Spicy Jerk Shrimp


Here's a shrimp sheet pan supper that's roasted and caramelized to perfection! The pineapple in this recipe makes a sweet sauce that balances the heat of the Jamaican jerk seasoning.

Prep Time:
5 mins
Additional Time:
45 mins
Total Time:
50 mins
4 servings


  • 1 ½ pounds fresh or frozen large shrimp in shells

  • 4 (1/4 inch thick) slices peeled and cored fresh pineapple, halved

  • 2 cups bite-size strips red sweet pepper

  • 2 cups sliced red onions

  • 1 fresh jalapeño chile pepper, halved lengthwise, seeded and sliced (see Tip)

  • 2 tablespoons olive oil

  • 1 tablespoon Jamaican jerk seasoning

  • ½ cup coarsely snipped fresh cilantro

  • 1 ⅓ cups hot cooked brown rice

  • Lime wedges


  1. Thaw shrimp, if frozen. Preheat oven to 425 degrees F. Line two 15x10-inch baking pans with foil.

  2. Peel and devein shrimp, leaving tails intact if desired. Rinse shrimp; pat dry. In an extra-large bowl combine shrimp and the next six ingredients (through jerk seasoning); toss gently to coat. Divide mixture between the prepared pans. Roast 15 minutes or until shrimp are opaque.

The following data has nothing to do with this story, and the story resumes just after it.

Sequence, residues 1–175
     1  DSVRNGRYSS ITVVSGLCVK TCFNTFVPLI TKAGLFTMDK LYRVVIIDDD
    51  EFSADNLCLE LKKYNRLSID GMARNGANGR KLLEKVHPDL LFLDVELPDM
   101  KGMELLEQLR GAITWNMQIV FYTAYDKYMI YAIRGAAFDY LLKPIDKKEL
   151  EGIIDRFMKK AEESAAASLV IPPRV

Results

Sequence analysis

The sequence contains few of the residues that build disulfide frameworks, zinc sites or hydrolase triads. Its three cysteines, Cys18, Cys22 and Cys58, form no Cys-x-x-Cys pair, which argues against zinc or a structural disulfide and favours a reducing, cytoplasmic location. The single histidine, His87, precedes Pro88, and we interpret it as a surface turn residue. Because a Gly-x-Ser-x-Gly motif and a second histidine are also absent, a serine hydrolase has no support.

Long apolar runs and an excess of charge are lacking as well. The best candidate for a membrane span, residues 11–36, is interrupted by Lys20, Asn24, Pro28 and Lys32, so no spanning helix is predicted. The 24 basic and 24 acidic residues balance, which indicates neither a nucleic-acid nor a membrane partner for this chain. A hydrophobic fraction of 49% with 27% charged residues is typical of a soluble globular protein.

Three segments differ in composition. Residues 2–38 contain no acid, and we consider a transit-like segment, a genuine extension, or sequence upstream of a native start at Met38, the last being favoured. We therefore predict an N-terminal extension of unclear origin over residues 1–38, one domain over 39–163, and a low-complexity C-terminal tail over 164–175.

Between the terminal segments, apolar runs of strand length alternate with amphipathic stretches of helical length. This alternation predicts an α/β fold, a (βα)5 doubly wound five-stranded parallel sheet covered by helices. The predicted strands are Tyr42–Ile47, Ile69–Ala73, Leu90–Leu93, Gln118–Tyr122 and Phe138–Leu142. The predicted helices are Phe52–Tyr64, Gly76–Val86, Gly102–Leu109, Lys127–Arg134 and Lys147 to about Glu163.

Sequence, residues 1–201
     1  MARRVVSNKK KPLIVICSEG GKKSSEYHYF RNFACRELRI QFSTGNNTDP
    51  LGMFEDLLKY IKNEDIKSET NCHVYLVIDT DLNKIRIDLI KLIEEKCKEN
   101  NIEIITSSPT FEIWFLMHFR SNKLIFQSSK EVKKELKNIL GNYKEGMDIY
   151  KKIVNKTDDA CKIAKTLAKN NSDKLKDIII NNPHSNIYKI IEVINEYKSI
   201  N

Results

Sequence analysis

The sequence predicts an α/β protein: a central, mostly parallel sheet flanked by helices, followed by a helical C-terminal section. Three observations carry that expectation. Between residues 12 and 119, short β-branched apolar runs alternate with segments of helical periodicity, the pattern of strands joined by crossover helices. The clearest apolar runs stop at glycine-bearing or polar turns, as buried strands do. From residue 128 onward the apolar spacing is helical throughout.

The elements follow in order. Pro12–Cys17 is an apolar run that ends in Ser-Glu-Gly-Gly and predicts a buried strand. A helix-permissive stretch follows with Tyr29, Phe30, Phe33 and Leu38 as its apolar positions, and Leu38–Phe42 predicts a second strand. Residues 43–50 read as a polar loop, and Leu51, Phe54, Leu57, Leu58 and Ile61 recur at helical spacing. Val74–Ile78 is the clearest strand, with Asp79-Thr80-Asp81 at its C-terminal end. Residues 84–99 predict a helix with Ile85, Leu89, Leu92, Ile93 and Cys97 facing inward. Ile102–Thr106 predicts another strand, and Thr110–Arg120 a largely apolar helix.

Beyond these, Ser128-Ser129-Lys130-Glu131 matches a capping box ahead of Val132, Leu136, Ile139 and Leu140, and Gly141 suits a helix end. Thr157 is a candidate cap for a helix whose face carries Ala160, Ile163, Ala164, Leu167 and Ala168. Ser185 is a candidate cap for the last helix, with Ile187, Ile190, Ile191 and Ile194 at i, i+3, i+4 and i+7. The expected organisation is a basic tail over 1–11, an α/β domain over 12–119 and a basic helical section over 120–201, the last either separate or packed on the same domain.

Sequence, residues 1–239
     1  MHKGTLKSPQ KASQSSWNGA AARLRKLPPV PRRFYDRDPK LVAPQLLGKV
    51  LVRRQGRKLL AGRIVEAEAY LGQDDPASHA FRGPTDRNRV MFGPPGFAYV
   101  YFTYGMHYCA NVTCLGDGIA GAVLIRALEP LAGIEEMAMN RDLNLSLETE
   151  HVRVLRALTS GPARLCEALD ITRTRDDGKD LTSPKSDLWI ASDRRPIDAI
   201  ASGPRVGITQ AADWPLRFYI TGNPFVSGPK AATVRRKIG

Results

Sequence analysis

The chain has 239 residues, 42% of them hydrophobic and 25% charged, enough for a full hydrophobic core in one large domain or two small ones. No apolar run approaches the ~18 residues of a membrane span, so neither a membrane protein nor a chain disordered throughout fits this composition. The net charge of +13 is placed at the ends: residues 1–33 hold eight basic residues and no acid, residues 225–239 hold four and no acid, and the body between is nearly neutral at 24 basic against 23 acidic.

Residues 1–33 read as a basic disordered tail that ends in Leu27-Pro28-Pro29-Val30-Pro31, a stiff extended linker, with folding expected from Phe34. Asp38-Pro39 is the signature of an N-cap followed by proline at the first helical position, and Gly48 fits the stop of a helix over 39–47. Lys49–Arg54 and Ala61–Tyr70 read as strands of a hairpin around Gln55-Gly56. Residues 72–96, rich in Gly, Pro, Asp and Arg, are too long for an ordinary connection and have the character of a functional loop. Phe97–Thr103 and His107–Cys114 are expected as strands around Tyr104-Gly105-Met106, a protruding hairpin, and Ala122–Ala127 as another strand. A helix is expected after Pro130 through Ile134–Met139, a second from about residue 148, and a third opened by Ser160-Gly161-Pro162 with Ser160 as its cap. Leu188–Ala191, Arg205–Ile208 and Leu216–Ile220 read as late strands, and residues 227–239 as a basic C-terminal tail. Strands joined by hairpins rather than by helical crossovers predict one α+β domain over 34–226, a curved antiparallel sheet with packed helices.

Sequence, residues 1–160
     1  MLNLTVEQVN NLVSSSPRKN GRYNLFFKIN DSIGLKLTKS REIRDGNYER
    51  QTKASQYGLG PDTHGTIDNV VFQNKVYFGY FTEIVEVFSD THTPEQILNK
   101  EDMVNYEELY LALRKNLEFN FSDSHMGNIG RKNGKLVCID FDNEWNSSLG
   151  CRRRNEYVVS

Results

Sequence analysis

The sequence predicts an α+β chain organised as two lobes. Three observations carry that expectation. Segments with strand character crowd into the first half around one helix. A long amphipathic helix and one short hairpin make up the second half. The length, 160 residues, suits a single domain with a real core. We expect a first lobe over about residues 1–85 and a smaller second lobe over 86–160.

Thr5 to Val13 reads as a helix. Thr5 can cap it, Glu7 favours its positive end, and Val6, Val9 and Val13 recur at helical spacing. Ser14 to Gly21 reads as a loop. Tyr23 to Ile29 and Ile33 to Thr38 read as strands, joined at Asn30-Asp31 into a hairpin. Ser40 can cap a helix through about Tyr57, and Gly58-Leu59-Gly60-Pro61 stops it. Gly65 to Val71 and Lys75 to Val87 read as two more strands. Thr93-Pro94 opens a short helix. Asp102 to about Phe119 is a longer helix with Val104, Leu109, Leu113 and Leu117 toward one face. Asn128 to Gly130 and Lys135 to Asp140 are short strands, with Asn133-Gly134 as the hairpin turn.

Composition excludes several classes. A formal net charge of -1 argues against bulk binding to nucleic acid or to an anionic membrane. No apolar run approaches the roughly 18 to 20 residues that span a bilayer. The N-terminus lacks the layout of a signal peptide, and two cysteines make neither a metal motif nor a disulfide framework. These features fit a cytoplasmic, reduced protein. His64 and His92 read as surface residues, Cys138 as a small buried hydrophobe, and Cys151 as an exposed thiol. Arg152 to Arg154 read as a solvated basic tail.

3. Sprinkle with cilantro and serve with brown rice and lime wedges.

    Spicy Jerk Shrimp


Tip: Chile peppers contain oils that can irritate your skin and eyes. Wear plastic or rubber gloves when working with them.

Nutrition Facts (per serving)

351 Calories
9g Fat
37g Carbs
34g Protein
Nutrition Facts
Servings Per Recipe 4
Calories 351
% Daily Value *
Total Carbohydrate 37g 14%
Dietary Fiber 5g 18%
Total Sugars 12g
Protein 34g 67%
Total Fat 9g 11%
Saturated Fat 1g 7%
Cholesterol 238mg 79%
Vitamin A 2078IU 42%
Vitamin C 119mg 132%
Folate 62mcg 16%
Sodium 411mg 18%
Calcium 134mg 10%
Iron 2mg 11%
Magnesium 101mg 24%
Potassium 787mg 17%

Nutrition information is calculated by a registered dietitian using an ingredient database but should be considered an estimate.

* Daily Values (DVs) are the recommended amounts of nutrients to consume each day. Percent Daily Value (%DV) found on nutrition labels tells you how much a serving of a particular food or recipe contributes to each of those total recommended amounts. Per the Food and Drug Administration (FDA), the daily value is based on a standard 2,000 calorie diet. Depending on your calorie needs or if you have a health condition, you may need more or less of particular nutrients. (For example, it’s recommended that people following a heart-healthy diet eat less sodium on a daily basis compared to those following a standard diet.)

(-) Information is not currently available for this nutrient. If you are following a special diet for medical reasons, be sure to consult with your primary care provider or a registered dietitian to better understand your personal nutrition needs.

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